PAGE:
A Vector processing unit implementation for RISC-V vector extension: Functional verification and assertions on submodules
Document typeMaster thesis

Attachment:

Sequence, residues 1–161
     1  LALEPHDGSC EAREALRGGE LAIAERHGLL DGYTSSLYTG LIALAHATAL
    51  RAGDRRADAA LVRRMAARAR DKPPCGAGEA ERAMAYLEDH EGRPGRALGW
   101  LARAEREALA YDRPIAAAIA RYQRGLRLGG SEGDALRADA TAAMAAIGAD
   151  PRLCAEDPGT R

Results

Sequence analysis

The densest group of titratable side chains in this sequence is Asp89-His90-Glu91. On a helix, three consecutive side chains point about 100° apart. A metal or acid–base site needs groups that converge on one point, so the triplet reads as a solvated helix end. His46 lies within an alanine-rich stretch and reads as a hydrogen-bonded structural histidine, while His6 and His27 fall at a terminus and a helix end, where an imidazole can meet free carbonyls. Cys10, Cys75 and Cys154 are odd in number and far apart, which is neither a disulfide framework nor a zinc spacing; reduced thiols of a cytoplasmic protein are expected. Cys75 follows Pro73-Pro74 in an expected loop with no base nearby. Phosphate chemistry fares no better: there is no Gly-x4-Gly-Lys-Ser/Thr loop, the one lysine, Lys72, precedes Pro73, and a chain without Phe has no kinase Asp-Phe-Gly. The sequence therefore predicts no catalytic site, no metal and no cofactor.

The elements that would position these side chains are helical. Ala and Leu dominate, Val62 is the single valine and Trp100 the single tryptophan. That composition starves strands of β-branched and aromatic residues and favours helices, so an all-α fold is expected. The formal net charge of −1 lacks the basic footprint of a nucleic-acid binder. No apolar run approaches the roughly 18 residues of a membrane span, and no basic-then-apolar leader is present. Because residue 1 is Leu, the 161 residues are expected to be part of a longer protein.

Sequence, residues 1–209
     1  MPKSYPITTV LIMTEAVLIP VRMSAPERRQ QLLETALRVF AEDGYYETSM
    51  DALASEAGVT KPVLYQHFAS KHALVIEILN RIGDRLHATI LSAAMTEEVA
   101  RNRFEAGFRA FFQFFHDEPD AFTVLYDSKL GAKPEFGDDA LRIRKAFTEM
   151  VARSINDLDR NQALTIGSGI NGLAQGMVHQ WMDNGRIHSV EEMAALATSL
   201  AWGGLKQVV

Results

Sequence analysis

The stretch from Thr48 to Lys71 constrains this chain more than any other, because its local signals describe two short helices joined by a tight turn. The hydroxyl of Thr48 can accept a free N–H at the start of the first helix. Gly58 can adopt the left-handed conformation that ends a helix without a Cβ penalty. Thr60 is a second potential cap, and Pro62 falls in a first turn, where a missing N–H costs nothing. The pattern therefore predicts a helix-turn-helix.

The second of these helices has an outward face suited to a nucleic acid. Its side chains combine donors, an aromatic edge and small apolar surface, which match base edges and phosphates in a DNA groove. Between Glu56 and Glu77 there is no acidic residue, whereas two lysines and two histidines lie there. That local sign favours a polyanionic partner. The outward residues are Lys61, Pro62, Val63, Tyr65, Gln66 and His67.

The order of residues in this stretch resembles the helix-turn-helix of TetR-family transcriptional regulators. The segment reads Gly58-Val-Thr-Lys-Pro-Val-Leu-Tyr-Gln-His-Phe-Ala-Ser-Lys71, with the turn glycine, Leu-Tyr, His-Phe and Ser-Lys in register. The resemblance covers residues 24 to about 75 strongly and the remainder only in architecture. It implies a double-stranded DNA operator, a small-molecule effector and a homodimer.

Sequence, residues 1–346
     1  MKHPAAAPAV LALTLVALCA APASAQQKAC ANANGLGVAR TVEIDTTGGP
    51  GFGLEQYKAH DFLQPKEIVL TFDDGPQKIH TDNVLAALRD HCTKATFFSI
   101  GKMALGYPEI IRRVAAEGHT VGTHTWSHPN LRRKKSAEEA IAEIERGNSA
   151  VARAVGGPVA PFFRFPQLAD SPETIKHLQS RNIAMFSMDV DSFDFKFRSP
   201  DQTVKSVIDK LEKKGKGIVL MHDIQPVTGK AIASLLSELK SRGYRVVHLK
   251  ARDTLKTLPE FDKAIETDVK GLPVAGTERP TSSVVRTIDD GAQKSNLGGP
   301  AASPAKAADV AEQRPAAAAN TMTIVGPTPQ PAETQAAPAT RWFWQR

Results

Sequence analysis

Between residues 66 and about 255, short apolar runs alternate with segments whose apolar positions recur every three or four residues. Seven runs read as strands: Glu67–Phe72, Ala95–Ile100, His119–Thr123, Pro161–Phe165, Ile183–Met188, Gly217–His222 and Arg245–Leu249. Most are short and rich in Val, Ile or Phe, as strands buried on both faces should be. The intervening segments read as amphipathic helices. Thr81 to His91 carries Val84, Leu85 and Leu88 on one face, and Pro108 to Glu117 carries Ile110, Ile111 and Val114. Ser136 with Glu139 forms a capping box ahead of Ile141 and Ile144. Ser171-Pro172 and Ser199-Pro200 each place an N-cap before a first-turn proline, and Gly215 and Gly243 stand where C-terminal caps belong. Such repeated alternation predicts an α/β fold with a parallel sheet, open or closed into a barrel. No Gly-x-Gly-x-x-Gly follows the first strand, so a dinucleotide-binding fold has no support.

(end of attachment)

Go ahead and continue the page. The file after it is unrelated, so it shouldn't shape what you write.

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Power dissipation and Energy consumption of digital circuits has emerged as an important design parameter in the evaluation of microelectronic circuits. This has led electronic architects to value Parallel Architectures that allow to perform many calculations, or the execution of processes, simultaneously: exploiting data parallelism reduces instruction bandwidth, reduces required memory bandwidth and lowers the power consumption. A classical example of this trend is the `Single Instruction, Multiple Data (SIMD)' Instruction Set extension which is nowadays implemented in the majority of Instruction Set Architectures. Developing Parallel Architectures that can deliver good performance without the energy and design complexity of higly Out-of-Order superscalar processors is of great interest: Data-parallel applications have had a huge impact not only in high-performance scientific computing but in a diversity of domains such as financial analysis, data-processing, machine learning and many others. An elegant implementation of a Parallel Architecture are Vector Processors: the two main features of Vector Architectures are the presence of a vector register file (VRF), where each vector register can hold a large number of elements , and the presence of many deeply pipelined Functional Units (FU) to directly operate on vectors instead of individual data item. Within the European Processor Initiative (EPI) project, at the Barcelona Supercomputing Center the work is to design a Vector Processing Unit (VPU) to work as a co-processor of a RISC-V based CPU, to allow it to support the RISC-V base vector extension. So far the RISC-V base vector extension is a draft of a stable proposal. It is based on version 0.7.1 which is intended to be stable enough to begin developing toolchains, functional simulators, and initial implementations, though will continue to evolve with minor changes and updates. This Master's Thesis work has been carried out during an Internship within the Verification Team for the VPU developing. Firstly, we explored the RTL design of the project to understand the behaviours of the whole architecture. As a second step, the goal was to develop solid specifications for some of the submodules of the VPU, observing their desired behaviour in response to the different Vector Instruction. In particular, the work focused on the communication system to move data within the VPU, called Ring. Once the specifications were fixed, it was possible to develop an Assertion-based Verification plan targeting the Ring modules: the whole set of assertions and the assumptions made during this process was included in the simulation test of the whole Architecture in order to ease the research of bugs for the Design Team. In conclusion, it was a 6 month internship that led to several results: - the generation of the specification for different submodules of the Architecture, - the development of different reusable UVM testbenches for these submodules, - the implementation of Formal Verification on the submodules, - the realization of directed binaries for the VPU to stress the Ring modules, - the actualization and design of an Assertion-based Functional Verification Plan able to trace the 36% of bugs relative to the Ring in its functioning period.